Trevail formed the Cornish Hotels Co in 1891, becoming its architect and secretary and responsible for 5-6 large cliff top hotels like the Headland at Newquay.** 1894 and Cornwall was so proud of him that the Earl of Mount Edgcumbe presented him with a set of 170 pieces of silver that cost 400gns and a cheque for £100. That year he was elected 765th Mayor of Truro (Borough Councillor 1886-1903), a JP and was elected County Councillor for the East Ward of Truro in the first County Council election in April 1889, Chairman of the Sanitary Committee and compiler of its Standing Orders. Peak of achievement when he was elected a fellow of the RIBA in 1893, aged 41 years. Author of a report on the Improvement of the Truro River and another report on East Cornwall Harbours for the Board of Trade.
His drawing of the Truro Central Technical Schools was in the Royal Academy Summer Exhibition on 1898. He was also architect of the schools and Chair of the Managers. He chaired a committee established in London jointly by the RIBA and the Surveyors Institution (now RICS) to produce a report on the Law on Ancient Lights. A new Act in 1902 resulted. He fought for his profession, urging the Registration of Architects by statute, which was not to come about until 1928. Mrs Thatcher wanted to repeal it.
He bought for Truro Cathedral James Tinworth’s terracotta panels of the ‘Via Dolorosa’ from Frank Bond of Wargrave in Berkshire (still to be seen). His last works were the large extension of Bodmin Mental Asylum and the Science, Art, Technical Schools and Library opened in Newton Abbott in 1904, a gift of Trevail’s friend John Passmore Edwards in memory of his mother Jane Susan Passmore born in that town.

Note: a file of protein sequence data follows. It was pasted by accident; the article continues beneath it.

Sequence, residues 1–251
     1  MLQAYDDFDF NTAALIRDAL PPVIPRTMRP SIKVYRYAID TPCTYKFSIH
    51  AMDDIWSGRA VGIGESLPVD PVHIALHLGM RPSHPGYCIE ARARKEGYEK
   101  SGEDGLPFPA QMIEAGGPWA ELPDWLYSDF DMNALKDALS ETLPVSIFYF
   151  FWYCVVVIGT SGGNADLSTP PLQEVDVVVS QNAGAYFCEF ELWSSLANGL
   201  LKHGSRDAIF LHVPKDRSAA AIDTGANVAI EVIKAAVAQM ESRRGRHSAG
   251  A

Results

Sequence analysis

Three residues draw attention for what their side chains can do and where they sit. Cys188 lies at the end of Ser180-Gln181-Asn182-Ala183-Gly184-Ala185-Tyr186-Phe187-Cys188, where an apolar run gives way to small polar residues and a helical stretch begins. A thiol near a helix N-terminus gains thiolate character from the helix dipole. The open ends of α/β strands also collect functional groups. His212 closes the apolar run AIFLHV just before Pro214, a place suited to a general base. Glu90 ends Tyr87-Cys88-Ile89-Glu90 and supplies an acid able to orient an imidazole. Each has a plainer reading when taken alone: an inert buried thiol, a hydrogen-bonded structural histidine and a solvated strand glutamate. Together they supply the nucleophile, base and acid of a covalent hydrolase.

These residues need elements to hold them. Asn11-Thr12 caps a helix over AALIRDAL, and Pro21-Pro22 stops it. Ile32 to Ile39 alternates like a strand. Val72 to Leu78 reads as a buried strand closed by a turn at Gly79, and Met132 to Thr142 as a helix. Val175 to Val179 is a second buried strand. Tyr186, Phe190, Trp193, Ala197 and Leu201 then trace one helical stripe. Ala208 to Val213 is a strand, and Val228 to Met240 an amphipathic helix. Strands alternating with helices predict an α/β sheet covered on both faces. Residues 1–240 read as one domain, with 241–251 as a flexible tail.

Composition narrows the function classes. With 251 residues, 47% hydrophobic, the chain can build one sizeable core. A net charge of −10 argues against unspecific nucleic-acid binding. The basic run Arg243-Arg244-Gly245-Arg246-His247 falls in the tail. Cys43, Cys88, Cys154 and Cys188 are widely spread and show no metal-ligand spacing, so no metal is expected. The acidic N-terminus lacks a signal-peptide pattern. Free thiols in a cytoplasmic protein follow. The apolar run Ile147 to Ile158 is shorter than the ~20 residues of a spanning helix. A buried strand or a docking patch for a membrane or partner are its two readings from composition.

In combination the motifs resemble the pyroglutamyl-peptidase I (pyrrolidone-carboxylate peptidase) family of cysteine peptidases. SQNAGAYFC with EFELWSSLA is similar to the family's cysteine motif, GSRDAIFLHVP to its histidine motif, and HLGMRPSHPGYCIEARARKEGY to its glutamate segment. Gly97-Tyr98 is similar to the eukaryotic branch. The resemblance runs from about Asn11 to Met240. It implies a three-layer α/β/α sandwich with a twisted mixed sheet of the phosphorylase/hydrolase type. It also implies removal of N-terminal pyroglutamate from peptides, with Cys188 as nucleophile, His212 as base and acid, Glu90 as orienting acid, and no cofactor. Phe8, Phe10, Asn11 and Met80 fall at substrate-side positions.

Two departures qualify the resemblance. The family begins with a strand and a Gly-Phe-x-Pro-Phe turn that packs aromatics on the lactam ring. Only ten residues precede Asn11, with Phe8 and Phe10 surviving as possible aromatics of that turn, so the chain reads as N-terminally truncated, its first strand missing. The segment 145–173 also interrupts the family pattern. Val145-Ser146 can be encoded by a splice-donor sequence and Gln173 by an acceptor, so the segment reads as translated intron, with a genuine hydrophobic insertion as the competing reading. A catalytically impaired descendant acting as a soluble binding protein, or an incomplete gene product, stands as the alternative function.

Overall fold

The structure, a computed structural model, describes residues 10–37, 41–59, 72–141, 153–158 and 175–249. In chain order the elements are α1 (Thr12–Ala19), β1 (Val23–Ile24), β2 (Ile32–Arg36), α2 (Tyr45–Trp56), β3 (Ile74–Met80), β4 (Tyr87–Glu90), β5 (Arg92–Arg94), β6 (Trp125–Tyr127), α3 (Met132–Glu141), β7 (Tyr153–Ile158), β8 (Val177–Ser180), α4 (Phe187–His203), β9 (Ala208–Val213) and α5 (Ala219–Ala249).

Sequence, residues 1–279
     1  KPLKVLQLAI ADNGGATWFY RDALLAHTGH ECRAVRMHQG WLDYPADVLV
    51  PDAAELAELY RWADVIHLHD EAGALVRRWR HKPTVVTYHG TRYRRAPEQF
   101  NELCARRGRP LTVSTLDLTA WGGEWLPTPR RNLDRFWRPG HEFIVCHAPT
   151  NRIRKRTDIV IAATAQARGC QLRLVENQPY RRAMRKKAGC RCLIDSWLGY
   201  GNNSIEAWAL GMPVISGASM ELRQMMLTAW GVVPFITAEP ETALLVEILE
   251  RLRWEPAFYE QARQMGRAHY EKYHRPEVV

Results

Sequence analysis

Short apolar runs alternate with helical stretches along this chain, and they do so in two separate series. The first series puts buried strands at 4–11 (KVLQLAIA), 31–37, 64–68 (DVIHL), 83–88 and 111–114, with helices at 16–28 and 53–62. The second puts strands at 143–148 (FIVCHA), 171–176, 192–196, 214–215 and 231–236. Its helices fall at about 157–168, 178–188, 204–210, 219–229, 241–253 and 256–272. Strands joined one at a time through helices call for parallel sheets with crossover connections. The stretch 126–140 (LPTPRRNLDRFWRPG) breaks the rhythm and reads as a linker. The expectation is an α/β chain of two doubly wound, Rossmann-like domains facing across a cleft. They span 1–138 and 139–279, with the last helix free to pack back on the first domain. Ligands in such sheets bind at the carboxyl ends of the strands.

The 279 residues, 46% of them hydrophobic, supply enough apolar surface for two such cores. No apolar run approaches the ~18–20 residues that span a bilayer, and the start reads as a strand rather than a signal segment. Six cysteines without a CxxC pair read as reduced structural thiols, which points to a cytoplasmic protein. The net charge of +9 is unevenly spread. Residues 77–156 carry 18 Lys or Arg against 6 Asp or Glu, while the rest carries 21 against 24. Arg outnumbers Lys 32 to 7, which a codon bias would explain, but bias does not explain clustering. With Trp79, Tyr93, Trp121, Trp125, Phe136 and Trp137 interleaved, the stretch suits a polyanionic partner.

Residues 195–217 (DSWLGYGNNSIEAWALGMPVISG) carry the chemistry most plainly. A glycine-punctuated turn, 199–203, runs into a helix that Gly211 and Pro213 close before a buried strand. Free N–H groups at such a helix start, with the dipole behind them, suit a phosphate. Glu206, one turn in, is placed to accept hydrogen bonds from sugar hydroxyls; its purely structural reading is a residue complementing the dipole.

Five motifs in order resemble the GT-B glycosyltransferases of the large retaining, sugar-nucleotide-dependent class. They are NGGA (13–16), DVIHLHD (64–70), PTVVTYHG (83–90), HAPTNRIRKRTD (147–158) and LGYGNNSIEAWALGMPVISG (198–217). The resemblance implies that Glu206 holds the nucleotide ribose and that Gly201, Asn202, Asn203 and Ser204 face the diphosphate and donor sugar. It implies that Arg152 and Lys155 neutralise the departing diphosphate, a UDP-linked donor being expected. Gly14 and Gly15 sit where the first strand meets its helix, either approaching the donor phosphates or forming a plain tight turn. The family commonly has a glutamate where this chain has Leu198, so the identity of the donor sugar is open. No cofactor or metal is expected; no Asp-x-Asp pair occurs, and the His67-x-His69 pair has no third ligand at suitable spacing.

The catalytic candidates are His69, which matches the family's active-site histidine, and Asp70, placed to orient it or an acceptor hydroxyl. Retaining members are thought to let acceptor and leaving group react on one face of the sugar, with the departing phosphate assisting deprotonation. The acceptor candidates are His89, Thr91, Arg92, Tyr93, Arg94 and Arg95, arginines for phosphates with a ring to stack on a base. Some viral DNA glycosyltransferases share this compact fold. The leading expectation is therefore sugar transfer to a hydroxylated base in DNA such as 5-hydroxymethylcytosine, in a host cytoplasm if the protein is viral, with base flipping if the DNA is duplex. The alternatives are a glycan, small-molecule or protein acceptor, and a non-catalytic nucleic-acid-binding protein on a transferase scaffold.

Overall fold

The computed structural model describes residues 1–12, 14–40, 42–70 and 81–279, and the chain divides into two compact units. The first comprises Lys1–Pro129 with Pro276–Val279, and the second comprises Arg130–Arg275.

In May 1903, he presided over his last Presidential Dinner of the Society of Architects, he confessed to his sole assistant Alfred Cornelius (elected FRIBA 1925) that he was a worried man. Six months later, almost to the day, he was dead.
On 6th November 1903, he wrote to his cousin Charles Trevail, (son of his Uncle Joseph of Menadew, Luxulyan), "I will do my utmost to come to Uncle Joseph’s funeral tomorrow, Nov 7, if not prevented by what I am unable to control". On that day, November 7 a Saturday, he left his office at 80 Lemon Street when Alfred Cornelius saw him into a cab which was bound for the railway station. He caught the 11.40 up train, purchasing a third class ticket. He always travelled first. At Par Leah May entered Trevail’s compartment and as the train left she saw him leave his seat and go to a WC reserved for Ladies Only. As the train entered the Brown Queen Tunnel (between Lostwithiel and Bodmin Road) Leah heard a shot at 12.40. The train stopped at Bodmin Road, she called a porter and told him about it. He found Trevail’s body lying across the WC. He had put one bullet from a 5 chamber revolver through his forehead. Reason for ladies loo – it had a mirror.